Roger Smalley, 1943–2015
I was so sad to hear after our concert last night that composer, pianist, teacher and long-time friend of the Australian Chamber Orchestra, Roger Smalley had died. He was only 72.
My first encounter performing Roger’s music was Strung-out for 13 solo strings. It was October 1990 at the Canberra School of Music and I had only been with the ACO for about a year. But I knew immediately that this was a composer with whom I had an affinity. We went on to play Strung-out all around Australia, as well as on tour to Slovenia, Austria, England, China, and the US, including a sold-out performance at New York’s Carnegie Hall. And I am so pleased that Strung-out is enshrined permanently for audiences around the world, as it is one of the featured works in ACO VIRTUAL – our interactive installation.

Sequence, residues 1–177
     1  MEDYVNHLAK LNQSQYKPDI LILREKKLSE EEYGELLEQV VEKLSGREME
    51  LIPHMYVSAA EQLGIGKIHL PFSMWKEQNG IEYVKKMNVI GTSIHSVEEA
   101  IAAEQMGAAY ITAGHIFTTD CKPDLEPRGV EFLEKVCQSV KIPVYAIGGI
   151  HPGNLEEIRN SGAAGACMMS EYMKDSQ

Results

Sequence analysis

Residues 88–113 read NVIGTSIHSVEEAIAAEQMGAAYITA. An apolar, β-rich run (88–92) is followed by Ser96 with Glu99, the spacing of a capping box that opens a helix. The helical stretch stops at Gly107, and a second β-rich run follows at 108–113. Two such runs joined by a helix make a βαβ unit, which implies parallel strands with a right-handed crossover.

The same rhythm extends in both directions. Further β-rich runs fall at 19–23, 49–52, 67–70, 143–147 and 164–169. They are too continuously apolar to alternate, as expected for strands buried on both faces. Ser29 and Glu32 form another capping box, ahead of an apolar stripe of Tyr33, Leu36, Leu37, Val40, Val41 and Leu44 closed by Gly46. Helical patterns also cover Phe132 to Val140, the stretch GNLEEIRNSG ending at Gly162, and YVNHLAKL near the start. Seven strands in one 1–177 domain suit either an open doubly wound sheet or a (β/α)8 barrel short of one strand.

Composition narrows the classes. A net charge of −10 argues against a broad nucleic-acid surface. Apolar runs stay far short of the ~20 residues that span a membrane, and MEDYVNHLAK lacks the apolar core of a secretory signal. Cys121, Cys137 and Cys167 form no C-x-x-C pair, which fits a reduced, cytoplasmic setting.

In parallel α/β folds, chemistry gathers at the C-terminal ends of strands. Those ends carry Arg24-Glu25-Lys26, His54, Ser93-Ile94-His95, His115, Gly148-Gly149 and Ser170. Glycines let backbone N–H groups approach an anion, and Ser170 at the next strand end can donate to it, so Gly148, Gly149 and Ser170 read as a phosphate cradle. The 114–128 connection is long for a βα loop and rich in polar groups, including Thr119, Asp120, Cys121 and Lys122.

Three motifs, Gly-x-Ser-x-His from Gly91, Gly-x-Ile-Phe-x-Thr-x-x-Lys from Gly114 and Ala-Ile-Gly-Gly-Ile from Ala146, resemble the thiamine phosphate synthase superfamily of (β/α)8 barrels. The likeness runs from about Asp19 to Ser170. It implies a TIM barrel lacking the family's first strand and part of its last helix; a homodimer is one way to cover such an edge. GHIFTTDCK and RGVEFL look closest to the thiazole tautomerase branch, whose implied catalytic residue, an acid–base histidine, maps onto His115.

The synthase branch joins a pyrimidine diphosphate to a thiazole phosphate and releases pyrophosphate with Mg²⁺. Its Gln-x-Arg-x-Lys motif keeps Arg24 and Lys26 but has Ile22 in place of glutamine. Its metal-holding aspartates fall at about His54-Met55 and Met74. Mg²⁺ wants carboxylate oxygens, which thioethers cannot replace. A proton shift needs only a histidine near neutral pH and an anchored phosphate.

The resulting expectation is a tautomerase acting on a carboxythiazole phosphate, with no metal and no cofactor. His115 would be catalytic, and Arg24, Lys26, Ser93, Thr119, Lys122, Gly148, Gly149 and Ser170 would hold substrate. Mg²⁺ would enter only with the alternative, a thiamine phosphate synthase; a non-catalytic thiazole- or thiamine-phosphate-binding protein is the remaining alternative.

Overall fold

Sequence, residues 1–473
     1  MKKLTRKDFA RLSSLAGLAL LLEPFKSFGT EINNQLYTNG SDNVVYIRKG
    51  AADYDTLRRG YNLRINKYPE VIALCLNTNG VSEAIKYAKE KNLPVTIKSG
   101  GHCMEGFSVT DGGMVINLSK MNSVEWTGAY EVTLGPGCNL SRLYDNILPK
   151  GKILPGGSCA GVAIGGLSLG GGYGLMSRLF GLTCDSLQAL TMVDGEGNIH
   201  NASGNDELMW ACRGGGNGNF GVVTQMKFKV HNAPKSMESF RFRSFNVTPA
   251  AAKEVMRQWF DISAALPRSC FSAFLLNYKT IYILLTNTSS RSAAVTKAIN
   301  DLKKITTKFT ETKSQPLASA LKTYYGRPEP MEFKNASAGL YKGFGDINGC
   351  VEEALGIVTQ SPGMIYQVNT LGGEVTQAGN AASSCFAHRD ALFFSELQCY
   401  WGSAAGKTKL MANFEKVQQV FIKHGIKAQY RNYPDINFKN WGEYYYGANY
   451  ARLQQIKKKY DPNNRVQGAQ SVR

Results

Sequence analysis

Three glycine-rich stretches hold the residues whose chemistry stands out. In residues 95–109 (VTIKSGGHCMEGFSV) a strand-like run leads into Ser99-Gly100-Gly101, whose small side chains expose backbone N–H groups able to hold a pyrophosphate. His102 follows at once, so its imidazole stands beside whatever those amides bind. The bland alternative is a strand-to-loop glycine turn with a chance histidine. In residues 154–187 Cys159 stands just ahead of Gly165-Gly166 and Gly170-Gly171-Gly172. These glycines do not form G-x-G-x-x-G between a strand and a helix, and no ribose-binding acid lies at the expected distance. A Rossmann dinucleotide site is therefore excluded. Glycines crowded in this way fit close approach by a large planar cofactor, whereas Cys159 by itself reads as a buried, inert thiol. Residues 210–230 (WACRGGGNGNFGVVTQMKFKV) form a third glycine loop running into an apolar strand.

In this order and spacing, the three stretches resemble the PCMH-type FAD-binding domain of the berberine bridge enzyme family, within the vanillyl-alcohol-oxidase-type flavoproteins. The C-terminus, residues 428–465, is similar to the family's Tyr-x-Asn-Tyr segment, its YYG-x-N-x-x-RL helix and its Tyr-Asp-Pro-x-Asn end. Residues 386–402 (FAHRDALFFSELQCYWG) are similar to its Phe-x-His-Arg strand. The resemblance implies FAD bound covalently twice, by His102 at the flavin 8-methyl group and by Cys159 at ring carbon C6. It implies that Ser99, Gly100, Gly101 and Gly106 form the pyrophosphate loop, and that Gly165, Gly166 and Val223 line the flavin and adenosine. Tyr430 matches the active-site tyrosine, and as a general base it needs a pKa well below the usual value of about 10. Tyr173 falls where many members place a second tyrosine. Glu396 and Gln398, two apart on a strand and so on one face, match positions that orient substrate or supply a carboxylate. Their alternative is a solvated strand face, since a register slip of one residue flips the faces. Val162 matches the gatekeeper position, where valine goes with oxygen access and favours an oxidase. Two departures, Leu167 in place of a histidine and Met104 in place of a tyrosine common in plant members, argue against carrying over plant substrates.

For our 30th anniversary, Barbara Blackman (whose husband was painter Charles Blackman) commissioned Roger to write a piece for us, Birthday Tango (later renamed Footwork), a work we have performed about 30 times. It won the 2007 Australian Classical Music Award for Best Composition by an Australian composer.
Roger had an extraordinary life. He was born in Manchester, England, studying with some of the greats – Peter Racine Fricker, John White, Alexander Goehr, Karlheinz Stockhausen and Pierre Boulez. Not only was he an incredibly talented composer but he was also a gifted pianist and teacher. He established the new music program at the University of Western Australia, where he was a key player for about 30 years.
I read many obituaries this morning that catalogue his numerous awards and amazing achievements. But a quote he gave to The West Australian in 2008 really resonated with me:
“There is a strong feeling about the place these days that music is something you have burbling around in the background and to relax to… It’s not that I don’t want to appeal to the listener. I do. I don’t want them to turn off but I like to write music that has some kind of content to it. Something that you can latch on to and follow in the way of a musical argument that keeps the brain stimulated rather than ‘chilled-out’.”
Thanks for keeping us inspired and stimulated Roger.
Richard Tognetti Artistic Director & Violin